There are few things in our professional lives that provide a greater risk of peril with so few rewards than the annual office holiday party. To many workers, these contrived and tortuously staged attempts at mandatory good cheer are as welcomed as a holiday fruit cake.
Bah! I say get rid of them.
The justifications for the holiday party usually include a sincere expression of appreciation for employees' hard work throughout the year, or providing an opportunity for employees who rarely have contact with one another to meet in a "casual" environment. A closer look reveals flawed thinking. If the office holiday party is your way of telling employees you appreciate their hard work or your strategy for employee bonding, you've probably already failed.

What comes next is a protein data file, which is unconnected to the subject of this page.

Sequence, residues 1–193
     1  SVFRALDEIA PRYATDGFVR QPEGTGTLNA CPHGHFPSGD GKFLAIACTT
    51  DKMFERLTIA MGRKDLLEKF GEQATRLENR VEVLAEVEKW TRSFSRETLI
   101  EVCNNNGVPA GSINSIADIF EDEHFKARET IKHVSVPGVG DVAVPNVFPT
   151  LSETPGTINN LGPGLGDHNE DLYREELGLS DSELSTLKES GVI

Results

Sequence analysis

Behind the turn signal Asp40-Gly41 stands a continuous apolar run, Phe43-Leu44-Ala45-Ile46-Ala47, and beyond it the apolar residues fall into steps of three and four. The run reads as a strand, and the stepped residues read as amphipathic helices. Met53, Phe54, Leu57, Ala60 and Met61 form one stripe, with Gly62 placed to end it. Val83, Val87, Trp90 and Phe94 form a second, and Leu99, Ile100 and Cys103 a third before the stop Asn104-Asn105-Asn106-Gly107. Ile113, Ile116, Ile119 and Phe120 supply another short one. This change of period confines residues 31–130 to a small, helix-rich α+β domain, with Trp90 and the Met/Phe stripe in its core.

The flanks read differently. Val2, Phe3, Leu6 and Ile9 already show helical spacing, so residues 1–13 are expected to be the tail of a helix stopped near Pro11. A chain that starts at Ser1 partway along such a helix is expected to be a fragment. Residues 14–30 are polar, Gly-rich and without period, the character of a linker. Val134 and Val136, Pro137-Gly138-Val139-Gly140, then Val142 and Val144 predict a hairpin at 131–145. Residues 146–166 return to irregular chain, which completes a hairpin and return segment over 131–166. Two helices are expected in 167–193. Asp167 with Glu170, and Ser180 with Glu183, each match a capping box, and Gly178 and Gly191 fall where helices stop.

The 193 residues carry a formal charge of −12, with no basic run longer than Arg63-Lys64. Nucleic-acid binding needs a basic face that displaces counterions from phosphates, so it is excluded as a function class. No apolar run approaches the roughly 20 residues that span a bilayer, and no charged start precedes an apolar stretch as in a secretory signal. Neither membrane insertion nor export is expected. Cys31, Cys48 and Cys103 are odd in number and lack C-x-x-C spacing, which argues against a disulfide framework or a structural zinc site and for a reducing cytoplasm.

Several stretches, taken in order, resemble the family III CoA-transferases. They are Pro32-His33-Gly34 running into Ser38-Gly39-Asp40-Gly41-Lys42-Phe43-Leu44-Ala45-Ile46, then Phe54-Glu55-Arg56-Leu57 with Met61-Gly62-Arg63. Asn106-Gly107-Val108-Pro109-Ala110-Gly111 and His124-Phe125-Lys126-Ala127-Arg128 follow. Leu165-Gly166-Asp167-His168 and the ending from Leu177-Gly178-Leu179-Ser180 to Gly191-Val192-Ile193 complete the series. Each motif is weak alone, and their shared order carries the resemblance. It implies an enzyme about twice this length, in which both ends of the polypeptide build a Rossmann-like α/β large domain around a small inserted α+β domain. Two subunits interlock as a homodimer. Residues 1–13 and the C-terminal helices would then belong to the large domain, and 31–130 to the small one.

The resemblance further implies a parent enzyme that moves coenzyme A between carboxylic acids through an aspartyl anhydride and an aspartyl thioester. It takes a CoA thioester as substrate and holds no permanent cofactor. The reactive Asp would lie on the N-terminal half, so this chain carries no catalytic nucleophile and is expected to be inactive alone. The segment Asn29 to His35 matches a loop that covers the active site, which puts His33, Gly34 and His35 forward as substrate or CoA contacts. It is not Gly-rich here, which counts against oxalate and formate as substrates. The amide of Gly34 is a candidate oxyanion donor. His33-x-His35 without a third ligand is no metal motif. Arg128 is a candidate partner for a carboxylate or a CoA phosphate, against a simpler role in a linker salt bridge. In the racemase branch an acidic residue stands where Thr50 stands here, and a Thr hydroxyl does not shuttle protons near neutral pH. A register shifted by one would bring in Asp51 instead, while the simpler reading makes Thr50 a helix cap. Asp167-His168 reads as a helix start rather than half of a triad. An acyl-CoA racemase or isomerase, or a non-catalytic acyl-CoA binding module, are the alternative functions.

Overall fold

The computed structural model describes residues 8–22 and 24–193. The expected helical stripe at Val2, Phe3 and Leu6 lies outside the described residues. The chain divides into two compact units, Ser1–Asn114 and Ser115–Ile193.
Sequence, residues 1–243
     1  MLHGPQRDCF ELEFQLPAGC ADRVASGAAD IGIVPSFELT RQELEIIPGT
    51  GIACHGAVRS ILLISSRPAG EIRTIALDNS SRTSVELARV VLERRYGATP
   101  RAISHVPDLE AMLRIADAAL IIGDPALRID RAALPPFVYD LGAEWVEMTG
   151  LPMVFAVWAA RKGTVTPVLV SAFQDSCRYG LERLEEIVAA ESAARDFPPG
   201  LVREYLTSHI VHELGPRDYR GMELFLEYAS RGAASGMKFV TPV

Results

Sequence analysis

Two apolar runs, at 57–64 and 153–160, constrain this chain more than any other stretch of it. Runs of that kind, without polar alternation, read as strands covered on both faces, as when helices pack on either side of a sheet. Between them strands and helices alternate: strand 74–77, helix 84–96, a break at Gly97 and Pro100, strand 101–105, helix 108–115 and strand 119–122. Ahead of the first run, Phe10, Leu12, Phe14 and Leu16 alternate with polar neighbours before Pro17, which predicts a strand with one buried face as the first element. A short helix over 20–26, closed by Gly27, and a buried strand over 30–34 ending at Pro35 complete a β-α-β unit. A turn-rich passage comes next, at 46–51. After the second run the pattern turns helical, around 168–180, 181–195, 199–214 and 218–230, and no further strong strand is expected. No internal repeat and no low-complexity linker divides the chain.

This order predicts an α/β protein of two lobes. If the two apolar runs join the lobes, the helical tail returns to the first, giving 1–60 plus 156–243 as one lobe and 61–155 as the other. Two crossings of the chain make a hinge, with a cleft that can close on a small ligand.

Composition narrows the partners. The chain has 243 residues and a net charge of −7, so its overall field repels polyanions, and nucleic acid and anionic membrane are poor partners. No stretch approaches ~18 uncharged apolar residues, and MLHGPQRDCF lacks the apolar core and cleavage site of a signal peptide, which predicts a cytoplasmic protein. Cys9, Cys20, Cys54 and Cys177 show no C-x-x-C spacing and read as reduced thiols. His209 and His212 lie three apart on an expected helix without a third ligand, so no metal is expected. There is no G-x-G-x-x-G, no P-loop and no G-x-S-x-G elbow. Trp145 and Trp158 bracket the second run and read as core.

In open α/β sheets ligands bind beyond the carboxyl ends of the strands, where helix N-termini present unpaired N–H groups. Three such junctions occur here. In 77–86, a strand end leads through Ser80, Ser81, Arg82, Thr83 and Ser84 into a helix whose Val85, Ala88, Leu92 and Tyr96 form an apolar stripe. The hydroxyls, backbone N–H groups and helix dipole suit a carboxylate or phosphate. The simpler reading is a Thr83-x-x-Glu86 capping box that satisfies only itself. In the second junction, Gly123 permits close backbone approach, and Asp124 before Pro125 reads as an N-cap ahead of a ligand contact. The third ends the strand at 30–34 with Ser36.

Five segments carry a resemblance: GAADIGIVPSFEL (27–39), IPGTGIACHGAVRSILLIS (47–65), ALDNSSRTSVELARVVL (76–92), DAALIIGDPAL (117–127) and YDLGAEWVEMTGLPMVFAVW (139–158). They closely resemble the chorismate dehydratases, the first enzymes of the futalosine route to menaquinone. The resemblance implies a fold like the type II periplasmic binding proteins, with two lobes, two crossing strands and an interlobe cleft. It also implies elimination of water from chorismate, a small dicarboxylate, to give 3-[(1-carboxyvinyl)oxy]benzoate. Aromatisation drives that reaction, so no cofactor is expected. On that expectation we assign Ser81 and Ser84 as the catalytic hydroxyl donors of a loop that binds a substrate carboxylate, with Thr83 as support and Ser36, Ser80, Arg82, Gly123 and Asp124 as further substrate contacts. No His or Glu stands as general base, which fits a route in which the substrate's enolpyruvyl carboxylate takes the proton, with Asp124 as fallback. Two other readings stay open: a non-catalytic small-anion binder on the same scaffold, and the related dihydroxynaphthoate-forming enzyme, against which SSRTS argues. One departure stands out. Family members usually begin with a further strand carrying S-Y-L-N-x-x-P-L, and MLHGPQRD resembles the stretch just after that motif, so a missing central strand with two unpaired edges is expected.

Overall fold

Let's be honest, for many companies, the annual office holiday party is just another business function, wearing a party dress and sipping eggnog. Attendance usually is not mandatory, but miss it at your peril! And it's a little arrogant for supervisors to presume that employees want to spend time socializing with them.
I came across this soul-crushing list of office party "Dos & Don'ts" from Quintessential Careers, an HR consulting firm whose other titles include Surviving the Office Holiday Party. QC reminds us: "You can take advantage of the office party to have some fun and advance your career or misbehave and cripple your career."
Quintessential's tips include: